CIAL eyeing to become 2nd largest power producer in 3 years: V J Kurien

Cochin International Airport Ltd is all set to emerge as the second largest power producer in the state after KSEB, in three years.

Published: 09th July 2017 10:15 AM  |   Last Updated: 09th July 2017 10:15 AM   |  A+A-

CIAL has also arranged a facility to charge electric cars like Tesla in its newly-built 2.25 lakh sq ft-long solar carport, a first of its kind initiative in the country

CIAL is also exploring the possibility of buying barren lands in north Kerala and converting them into solar fields. (Courtesy - facebook.com/CochinInternationalAirport)

Express News Service

KOCHI: Can an airport become a big power producer too? If things progress as planned, Cochin International Airport Ltd (CIAL) will emerge as the second largest power producer in the state after Kerala State Electricity Board (KSEB), in three years. CIAL, which has many firsts in its cap, such as being the pioneer in PPP model in building an airport and becoming the first solar-powered airport in the world, is eyeing to become the second largest power producer in the state in three years, says its managing director V J Kurien. In an interview to Express, he said the airport company, which has an installation capacity of generating around 30 MW solar power in its vicinity, is expected to generate 100 MW energy in three years.

All the hurdles for setting up the hydel power projects, having a total capacity of 62 MW, have almost been cleared.These include hydro electrical projects at Kakkadam Poyil, having a capacity of 21 MW, a 3 MW unit at Arippara in Kozhikode, a 10 MW unit at Kaithakkolli in Wayanad, 2 MW in Kazhuthuruthi in Kollam, 2.2 MW in Urumbini near Kakkad in Pathanamthitta, 2.61 MW in Thoniyar in Idukki, 1 MW in Thooval in Idukki and 2 MW in Kokkamullu in Kozhikode. 

“Once the projects come on stream, we will become the second largest power producer in the state,” Kurien said.The highlight of the airport company is generation of power by reducing cost as low as possible. For instance, CIAL has completed a 6 MW solar power project over a canal named ‘Chengal Thodu’, which originates from the  Periyar and touches down on the same river after flowing through three panchayats and the airport.  Structural engineer and Chennai IIT professor P K Aravind, who supervised the project, replaced the steel structure of the project with RCC (reinforced cement concrete), which has cut down the cost significantly.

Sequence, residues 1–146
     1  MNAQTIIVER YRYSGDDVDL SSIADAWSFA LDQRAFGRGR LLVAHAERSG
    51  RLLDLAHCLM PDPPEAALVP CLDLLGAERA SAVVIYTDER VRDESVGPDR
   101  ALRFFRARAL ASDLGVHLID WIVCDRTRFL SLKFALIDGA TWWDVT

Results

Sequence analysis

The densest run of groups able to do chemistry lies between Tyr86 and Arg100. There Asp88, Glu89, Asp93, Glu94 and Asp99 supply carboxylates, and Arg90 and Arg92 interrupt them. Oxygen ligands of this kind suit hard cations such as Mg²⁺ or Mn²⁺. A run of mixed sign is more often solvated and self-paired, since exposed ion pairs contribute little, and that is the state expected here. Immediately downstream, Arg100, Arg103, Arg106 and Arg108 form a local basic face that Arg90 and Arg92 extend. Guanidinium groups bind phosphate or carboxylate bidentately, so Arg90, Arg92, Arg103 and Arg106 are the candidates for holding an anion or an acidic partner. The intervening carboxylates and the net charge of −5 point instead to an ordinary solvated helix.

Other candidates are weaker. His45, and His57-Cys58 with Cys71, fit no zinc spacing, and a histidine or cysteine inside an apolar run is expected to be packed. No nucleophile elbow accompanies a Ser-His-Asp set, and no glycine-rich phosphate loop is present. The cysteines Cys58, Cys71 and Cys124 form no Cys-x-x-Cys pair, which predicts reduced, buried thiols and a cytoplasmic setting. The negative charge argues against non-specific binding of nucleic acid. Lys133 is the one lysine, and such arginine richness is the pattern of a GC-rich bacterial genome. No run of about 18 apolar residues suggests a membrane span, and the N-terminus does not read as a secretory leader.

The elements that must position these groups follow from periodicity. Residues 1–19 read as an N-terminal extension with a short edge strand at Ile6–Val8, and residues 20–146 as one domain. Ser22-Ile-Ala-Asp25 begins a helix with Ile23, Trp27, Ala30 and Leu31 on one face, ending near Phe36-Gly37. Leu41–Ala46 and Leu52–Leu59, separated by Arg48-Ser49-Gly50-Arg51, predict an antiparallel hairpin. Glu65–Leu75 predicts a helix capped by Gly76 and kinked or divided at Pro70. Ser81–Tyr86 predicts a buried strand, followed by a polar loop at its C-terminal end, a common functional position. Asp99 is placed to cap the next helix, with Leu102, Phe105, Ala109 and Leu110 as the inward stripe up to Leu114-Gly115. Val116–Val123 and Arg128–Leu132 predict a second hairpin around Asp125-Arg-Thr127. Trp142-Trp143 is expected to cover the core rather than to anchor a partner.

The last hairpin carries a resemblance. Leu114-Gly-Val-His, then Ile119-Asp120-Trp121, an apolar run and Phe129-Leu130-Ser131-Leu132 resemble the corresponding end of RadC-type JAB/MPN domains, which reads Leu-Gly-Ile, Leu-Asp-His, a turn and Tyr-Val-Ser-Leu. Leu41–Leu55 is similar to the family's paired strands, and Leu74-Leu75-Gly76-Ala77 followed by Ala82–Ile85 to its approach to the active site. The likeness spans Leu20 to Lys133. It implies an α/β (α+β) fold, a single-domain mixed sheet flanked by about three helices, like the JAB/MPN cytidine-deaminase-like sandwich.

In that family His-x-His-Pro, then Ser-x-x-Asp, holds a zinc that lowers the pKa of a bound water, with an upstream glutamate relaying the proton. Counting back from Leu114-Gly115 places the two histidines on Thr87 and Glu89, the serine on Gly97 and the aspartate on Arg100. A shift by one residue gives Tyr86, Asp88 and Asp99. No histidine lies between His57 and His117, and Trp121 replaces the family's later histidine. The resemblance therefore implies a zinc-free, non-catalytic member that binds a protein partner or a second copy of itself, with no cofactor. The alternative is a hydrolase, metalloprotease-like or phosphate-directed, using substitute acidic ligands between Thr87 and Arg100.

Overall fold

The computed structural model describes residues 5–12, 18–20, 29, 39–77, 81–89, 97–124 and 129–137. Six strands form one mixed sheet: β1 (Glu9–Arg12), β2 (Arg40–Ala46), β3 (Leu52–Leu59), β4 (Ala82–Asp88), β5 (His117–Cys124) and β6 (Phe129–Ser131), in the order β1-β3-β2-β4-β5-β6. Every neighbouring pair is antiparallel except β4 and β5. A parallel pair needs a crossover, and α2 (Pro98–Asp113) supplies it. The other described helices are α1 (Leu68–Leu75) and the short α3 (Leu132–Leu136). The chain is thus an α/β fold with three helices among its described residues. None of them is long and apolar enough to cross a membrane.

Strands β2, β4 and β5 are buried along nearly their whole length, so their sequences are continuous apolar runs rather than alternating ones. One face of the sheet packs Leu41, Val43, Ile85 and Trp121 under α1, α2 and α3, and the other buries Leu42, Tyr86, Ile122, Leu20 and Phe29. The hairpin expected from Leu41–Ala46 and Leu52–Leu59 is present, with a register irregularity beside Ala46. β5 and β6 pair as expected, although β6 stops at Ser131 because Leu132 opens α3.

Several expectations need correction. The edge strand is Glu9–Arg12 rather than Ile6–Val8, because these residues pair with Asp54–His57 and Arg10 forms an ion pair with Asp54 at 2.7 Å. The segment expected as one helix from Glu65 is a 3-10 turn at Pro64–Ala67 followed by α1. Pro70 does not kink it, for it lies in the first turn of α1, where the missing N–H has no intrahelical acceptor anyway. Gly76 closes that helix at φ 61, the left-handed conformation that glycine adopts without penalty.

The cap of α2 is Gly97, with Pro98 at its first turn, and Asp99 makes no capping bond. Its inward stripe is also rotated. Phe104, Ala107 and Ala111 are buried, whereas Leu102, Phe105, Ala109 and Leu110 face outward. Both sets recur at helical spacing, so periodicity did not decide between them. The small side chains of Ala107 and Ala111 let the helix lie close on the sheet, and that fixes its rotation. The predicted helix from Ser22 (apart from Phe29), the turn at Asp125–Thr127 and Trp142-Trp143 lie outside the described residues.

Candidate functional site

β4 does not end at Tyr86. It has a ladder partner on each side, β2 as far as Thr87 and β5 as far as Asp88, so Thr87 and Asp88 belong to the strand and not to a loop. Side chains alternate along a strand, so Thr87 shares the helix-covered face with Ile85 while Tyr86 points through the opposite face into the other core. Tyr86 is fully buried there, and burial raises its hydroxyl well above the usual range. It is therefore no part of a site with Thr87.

To compare the cost for 1 MW solar power some years ago, Gujarat had to spend around Rs 17 crore, and Rs 10 crore for another project in Surat, whereas CIAL could complete the latest project at just Rs 5.2 crore for generating I MW solar power. The hydel power project sites can also be used for generating solar power by bringing some changes in their design, said Kurien.

Within 5-10 years, the automotive sector will also witness some sweeping changes with the introduction of electric cars. CIAL has also arranged a facility to charge electric cars like Tesla in its newly-built 2.25 lakh sq ft-long solar carport, a first of its kind initiative in the country. The carport will accommodate 14,000 cars at a time, he said. Around 8,500 solar panels laid on the top of the carport have an institutional capacity of generating 2.7 MW solar power. So the airport company is giving emphasis to not only moving into clean energy in a big way but also keeping abreast of the times by providing recharging facilities to electric cars, Kurien said.

Solar fields in north Kerala
CIAL is also exploring the possibility of buying barren lands in north Kerala and converting them into solar fields. “This is a plan in the initial stage. Our idea is to generate solar power from such idle lands, and generate power. We can provide recharge facilities for electric car users from these areas,” he said.

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